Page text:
Morgan Stanley: The BoE will cut deposit remuneration | FT Alphaville

Morgan Stanley: The BoE will cut deposit remuneration

Bank of England governor Mervyn King may have told economists this week, that the Bank had no immediate plans to change the rate paid to commercial banks on sums deposited overnight, but it appears not everyone believes him.

Among those still speculating the Bank will cut remuneration rates — and do so soon — is Morgan Stanley analyst Melanie Baker.

In a note published on Friday she writes (our emphasis):

The Bank of England is considering lowering reserves remuneration on a portion of commercial bank reserves held with the BoE. Notwithstanding the market recently re-pricing the probability of this happening, we think that such a move is likely and could come as early as November. QE works through a variety of channels, but this might make the reserves accumulation channel more effective — i.e. incentivise the banks to do something with their increased reserves other than just sit on them. The effects would likely be 1) to lower SONIA, 2) lower short-term gilts, and 3) portfolio rebalancing, which could spark a further rally in risk assets.

As Baker states, the move would likely lower the sterling overnight interbank average (Sonia), bringing the BoE’s policy more in line with that of the ECB which has already allowed Eonia to trade more than 60bp below the official rate, via stealth easing policies like the adoption of full-allocation repos.

This would, however, break the Bank’s previous policy of keeping the Sonia in line with policy rates.

At this point, however, it’s important to remember that the Bank of England suspended reserves-targeting with the start of QE, remunerating commercial bank reserves at the policy rate of 0.5 per cent. Use of the existing deposit facility, where remuneration is set at 0 per cent, has therefore been zero.

Pre crisis, banks always had the right to set their own reserves target knowing that up to 2 per cent of their “sterling eligible liabilities, as calculated for Cash Ratio Deposits purposes,” would be remunerated at the policy rate. In the second quarter of 2008, the Bank increased this ceiling to 5 per cent.

Currently, Baker says there is about £2,200bn worth of eligible bank liabilities at UK banks. A return to the old 2 per cent system, therefore, would allow £43bn of reserves to be remunerated at the policy rate. To compare, aggregate reserves currently stand at about £138bn.

As Baker explains, the move to cut the remuneration rate, therefore, could be considered part of the BoE’s forward planning to bring policies back towards the old regime once its gilt purchase programme ends:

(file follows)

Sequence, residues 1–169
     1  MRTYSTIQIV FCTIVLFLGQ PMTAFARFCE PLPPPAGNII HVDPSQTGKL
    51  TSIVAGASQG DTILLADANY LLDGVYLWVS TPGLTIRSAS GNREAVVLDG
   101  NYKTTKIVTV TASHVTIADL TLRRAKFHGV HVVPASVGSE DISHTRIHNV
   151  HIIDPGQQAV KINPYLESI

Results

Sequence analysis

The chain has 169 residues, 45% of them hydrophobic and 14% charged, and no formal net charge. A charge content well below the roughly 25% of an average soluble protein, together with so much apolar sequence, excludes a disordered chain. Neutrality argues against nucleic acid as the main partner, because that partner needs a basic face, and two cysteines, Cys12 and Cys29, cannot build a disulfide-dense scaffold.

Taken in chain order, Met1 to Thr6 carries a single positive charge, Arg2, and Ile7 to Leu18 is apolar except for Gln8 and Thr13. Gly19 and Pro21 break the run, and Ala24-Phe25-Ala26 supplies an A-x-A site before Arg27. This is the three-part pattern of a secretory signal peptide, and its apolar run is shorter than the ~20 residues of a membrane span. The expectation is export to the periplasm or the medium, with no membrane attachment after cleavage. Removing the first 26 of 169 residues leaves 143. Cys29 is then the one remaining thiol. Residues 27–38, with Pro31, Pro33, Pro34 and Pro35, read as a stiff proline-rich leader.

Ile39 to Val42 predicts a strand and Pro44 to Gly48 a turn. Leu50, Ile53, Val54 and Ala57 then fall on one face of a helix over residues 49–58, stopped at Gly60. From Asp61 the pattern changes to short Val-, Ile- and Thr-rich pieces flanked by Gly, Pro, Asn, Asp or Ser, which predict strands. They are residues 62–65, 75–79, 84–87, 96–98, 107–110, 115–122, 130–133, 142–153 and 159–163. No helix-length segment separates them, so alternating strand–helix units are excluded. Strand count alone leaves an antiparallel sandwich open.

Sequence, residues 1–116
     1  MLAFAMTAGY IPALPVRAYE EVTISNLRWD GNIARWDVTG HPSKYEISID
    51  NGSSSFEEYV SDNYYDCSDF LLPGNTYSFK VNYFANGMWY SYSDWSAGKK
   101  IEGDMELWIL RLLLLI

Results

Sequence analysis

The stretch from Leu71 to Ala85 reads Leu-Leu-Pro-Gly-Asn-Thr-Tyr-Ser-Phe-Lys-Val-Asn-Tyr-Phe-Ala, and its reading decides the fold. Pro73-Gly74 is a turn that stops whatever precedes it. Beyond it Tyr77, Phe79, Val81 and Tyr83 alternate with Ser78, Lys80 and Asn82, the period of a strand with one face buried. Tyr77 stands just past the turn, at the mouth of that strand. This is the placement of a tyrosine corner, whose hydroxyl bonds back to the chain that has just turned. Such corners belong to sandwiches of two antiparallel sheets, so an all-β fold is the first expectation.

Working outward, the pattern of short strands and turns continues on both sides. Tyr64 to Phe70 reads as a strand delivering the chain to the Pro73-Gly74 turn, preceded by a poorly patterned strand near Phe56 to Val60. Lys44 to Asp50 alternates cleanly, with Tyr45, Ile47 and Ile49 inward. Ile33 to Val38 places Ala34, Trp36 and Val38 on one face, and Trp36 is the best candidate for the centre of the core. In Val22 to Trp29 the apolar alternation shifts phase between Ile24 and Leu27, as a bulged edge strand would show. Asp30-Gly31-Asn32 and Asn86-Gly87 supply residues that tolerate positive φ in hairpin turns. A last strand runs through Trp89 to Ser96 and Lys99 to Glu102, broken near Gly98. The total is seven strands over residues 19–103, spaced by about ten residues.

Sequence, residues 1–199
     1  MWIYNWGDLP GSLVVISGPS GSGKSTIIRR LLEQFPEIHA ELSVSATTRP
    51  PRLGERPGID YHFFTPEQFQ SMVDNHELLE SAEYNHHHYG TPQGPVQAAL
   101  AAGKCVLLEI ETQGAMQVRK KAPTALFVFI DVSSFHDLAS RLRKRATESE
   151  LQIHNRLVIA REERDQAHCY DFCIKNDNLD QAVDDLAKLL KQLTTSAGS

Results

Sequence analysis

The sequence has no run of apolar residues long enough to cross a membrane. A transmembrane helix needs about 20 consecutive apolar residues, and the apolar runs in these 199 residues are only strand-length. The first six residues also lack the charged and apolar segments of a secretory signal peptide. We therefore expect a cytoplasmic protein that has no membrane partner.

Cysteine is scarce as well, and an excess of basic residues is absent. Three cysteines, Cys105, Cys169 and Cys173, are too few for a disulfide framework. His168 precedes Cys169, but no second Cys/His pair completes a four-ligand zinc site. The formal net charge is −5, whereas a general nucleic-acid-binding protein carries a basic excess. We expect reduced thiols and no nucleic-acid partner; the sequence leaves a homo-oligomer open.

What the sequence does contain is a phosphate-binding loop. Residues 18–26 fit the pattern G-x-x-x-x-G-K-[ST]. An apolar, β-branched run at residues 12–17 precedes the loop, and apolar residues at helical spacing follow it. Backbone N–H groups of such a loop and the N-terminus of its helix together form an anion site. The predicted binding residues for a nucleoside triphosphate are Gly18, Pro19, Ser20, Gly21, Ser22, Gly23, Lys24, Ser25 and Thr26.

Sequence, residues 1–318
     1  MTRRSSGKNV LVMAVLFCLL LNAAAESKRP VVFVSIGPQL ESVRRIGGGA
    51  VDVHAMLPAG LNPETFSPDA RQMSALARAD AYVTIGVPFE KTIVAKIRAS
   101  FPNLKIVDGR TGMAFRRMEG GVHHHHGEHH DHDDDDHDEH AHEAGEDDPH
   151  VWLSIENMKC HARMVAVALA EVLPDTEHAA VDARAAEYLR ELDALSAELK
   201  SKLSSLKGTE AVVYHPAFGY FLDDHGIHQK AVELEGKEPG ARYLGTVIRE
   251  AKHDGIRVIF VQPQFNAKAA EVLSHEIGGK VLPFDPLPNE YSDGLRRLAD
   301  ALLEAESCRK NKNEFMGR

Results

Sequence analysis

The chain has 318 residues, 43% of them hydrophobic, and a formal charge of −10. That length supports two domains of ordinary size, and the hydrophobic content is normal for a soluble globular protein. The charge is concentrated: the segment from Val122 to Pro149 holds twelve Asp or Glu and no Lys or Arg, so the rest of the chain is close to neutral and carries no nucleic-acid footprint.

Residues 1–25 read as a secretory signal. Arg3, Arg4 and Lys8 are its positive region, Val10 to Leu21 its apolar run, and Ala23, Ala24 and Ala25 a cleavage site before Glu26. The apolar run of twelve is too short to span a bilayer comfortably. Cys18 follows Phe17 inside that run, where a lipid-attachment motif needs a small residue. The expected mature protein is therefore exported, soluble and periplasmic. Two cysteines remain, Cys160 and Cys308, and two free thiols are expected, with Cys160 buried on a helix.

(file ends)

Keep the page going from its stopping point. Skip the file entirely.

To understand what might happen to SONIA after the BoE’s Gilt purchase programme ends, it is important to realise why SONIA has been trading close to the policy rate during the QE period. QE asset purchases have been funded by central bank reserves.

Each asset purchased is effectively funded by a claim on the central bank — the level of commercial bank reserves held at the central bank had therefore been rising in line with asset purchases4. If the Bank of England had not both suspended reserves targeting and undertaken to remunerate all reserves at the Base Rate (otherwise banks would be heavily using the deposit facility, currently at 0% rate), this vast increase in reserves would surely have pushed SONIA well below the 0.5% policy rate. SONIA had already been pushed significantly below the policy rate between October 2008 and March 2009 when Banks were using the operational standing deposit facility in significant size and SONIA traded at 25bp-50bp below the Base Rate.

In that respect, not only is it likely that the BoE will lower reserves remuneration on only a portion of commercial bank reserves, it’s also likely the move will coincide with the end of its QE programme. As she concludes:

In November, the MPC will get the opportunity to review their forecasts for inflation and GDP growth in depth. In our view, they are likely to end QE, but to remain cautious about the sustainability of the recovery. They will want to avoid signalling future tightening. One way of doing so would be through adjusting reserves remuneration and guiding SONIA lower.

An announcement as soon as the October MPC meeting seems possible. However, that would be rather pre-empting an end to QE in November. Hence it doesn’t seem to be the most likely outcome. Furthermore, any decision on this won’t be taken lightly and would we expect that there would be significant internal research carried out at the BoE before any change. Any major change to the framework would presumably also be accompanied by an external consultation.

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